When Manchester United paid £27 million for Southampton midfielder Morgan Schneiderlin they were purchasing a player who had shown himself to be an excellent defensive midfielder for the South Coast side, helping them to seventh place in the Premier League in the season before his departure.
The move was supposed to be the making of the Frenchman, securing his place in the France squad for the European Championships which would take place on home soil the following summer, as well as giving Manchester United a long term replacement for Michael Carrick.
Things have not worked out that way, though. Schneiderlin has spent a lot of his time at Old Trafford this season on the bench, as well as flitting in and out of the starting line up last term. He is now seen as no more than a bit part player who Jose Mourinho is happy to move on.
Several Premier League clubs are hoping to capitalise on Schneiderlin’s availability, and the first club to make a move is West Bromwich Albion, who have tabled a bid of £13 million for the services of the Frenchman.
The ex-Southampton midfielder would certainly be a great signing for any team in the league, but he could make a huge impact on the sides currently battling for seventh place in the division, West Brom being one of them. His tidy passing and tough tackling would add some class and coolness on the ball to the Baggies midfield, without them losing any bite or aggression. It would certainly help the likes of Matty Phillips, Nacer Chadli and Salomon Rondon to have such an accurate passer playing behind them as well.
Schneiderlin has reportedly told Mourinho that he is keen to move on, and who can blame him. To be signed for almost £30 million and then see Marouane Fellaini picked ahead of you by two successive managers must be pretty demoralising to any player’s confidence.
But although it looks likely that the 27-year-old will depart either in January or in the summer, there are plenty of statistics to suggest that United should think very hard before they consider letting their man leave Old Trafford.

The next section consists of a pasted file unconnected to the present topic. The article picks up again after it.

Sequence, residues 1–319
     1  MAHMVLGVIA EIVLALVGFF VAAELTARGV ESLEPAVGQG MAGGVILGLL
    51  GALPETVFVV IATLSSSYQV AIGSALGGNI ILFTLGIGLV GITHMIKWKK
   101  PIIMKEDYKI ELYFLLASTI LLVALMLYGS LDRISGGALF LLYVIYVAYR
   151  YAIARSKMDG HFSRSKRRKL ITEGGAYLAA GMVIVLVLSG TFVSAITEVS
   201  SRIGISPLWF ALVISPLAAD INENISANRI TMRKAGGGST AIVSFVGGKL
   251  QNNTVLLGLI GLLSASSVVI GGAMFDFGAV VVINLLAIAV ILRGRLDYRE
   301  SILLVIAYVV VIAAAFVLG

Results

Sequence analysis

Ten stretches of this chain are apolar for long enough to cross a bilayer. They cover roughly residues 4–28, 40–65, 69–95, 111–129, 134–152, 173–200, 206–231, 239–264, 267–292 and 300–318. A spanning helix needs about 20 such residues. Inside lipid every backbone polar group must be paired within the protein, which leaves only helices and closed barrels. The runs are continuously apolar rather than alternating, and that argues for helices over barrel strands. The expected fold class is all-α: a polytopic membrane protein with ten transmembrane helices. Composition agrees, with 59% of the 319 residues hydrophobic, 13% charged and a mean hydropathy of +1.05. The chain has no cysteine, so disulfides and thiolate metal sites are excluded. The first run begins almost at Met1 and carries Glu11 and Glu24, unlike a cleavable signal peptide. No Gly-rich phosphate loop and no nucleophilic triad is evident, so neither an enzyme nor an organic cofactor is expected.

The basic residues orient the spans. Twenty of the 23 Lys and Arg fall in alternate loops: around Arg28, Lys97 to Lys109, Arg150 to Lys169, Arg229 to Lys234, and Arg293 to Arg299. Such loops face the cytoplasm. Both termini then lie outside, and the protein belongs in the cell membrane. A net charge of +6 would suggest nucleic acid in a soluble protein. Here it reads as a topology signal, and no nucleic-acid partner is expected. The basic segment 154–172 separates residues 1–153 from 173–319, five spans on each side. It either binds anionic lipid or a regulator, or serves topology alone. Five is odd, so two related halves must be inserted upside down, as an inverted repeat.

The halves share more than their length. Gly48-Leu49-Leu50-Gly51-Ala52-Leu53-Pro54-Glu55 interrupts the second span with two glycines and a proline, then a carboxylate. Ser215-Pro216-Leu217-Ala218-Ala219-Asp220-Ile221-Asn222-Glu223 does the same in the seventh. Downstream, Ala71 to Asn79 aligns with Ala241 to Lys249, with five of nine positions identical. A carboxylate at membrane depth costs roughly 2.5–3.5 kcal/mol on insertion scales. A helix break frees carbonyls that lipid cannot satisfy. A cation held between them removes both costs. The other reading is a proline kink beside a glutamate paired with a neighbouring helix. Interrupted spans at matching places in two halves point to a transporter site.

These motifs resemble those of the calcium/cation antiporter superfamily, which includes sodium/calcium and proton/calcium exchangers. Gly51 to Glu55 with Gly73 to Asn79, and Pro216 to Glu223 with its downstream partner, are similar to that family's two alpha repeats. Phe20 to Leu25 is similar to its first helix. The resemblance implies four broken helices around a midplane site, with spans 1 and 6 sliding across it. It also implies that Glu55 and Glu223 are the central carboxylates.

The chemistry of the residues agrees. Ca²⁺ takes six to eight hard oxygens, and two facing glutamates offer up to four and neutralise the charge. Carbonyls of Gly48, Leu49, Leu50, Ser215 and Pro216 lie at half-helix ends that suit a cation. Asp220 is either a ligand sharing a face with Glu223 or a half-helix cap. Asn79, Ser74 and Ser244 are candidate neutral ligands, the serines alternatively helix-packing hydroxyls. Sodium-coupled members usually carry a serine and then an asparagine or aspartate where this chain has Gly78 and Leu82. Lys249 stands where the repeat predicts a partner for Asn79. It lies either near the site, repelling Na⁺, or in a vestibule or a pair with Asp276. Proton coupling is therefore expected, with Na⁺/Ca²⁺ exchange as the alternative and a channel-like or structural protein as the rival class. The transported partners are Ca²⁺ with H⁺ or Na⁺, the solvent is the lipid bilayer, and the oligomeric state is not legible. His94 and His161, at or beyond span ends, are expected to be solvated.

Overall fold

For example, Schneiderlin started 25 league games for United last season. The team won 14 of those, drawing six and losing five, picking up 48 points at a rate of 1.92 points per game.
In the 13 games when Schneiderlin wasn’t included in the starting line up, United won five, drew three and lost five. United lost as many games in half the time without the defensive midfielder as with him.
United’s rate of 1.92 points per game with Schneiderlin over the course of 38 games would add up to a total of 73 points. This suggests that had Schneiderlin started every game last season, the Red Devils would not only have qualified for the Champions League, but in fact finished second in the league.
Without him the rate of points per game was just 1.38, which would have added up to 52 points over the season. This would have left United eighth in the league, below Liverpool, West Ham and Southampton.
These stats do not mean that if Schneiderlin moves to the Hawthorns that Tony Pulis will suddenly guide the Baggies into the Champions League and United will fall into mid-table obscurity but it does show the difference that the 27-year-old can make to a team.
If West Brom sign Schneiderlin they will concede less goals and win more points, that cannot be doubted. What can be doubted, though, is whether United should have given him more of a chance, and whether they will regret selling him when Michael Carrrick isn’t around any more.
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